The French Connection lives up to the hype and is indeed a complete classic of the genre.
Plot: A pair of NYC cops in the Narcotics Bureau stumble onto a drug smuggling job with a French connection.
Review: It’s no wonder The French Connection has become essentially a template for how to do an action movie right. It manages to be gritty as Hell but also maintains edge of the seat thrills from beginning to end. It’s not the slow burn movie you’d maybe expect but frankly one of the best action films of all time.
Gene Hackman gives a career best performance as Jimmy “Popeye” Doyle who is a hard as nails cop but he’s not the hero you might expect. He’s actually a bit of a racist asshole and not afraid to bully his way around in order to get the job done. Rather than being the cop who is always right, Doyle’s methods don’t always work out and at one point even resulted in the death of another cop. Hackman plays Doyle to perfection making him utterly believable and authentic.
Credit should also be give the the late, great Roy Scheider as his partner Det. Buddy Russo who is equally as tough but a bit more “human”. He follows Doyle but sometimes isn’t always on the same page.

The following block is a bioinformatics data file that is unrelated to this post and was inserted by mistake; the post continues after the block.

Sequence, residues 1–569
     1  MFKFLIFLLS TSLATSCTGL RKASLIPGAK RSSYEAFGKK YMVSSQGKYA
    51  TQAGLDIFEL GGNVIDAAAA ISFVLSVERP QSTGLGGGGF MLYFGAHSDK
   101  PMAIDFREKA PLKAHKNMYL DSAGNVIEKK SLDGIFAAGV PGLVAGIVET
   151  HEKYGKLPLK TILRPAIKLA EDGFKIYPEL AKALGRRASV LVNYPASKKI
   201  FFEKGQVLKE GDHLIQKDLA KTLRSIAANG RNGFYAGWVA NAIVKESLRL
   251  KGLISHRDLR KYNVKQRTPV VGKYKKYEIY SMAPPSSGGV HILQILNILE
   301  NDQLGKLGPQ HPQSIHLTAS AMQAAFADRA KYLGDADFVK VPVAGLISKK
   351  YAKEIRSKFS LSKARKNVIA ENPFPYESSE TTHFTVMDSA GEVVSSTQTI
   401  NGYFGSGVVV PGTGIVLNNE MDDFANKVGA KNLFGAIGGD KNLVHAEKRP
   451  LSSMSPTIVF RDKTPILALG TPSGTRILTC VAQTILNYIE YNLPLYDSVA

The first half of the movie is mostly Doyle and the cops following around the French bad guys but it moves so fast with such interesting characters that you won’t be bored for a second. The second half has THE car chase which remains one of the all time greats. There is some outstanding stunt work and it really has to be seen to be believed.
There is a great scene on the subway with Doyle following villain Alain Charnier (Fernando Rey) where they are constantly trying to outwit each other. It’s expertly done and I love how Charnier is always one step ahead.
As this movie was in the 70’s, it obviously has a surprisingly downbeat ending; Doyle doesn’t catch his man and Charnier gets away, where at first you are like “What the Hell?” but then Charnier is frankly a bit of a mastermind and you can believe that he would get away.
The only flaw I had with the movie was the score which sounded like it belonged more in a horror movie. It was just a tuneless noise and was sometimes overly distracting; at several points I had to put the subtitles on just so I could hear the dialogue.
Overall, The French Connection lives up to the hype and is indeed a complete classic of the genre. Essential!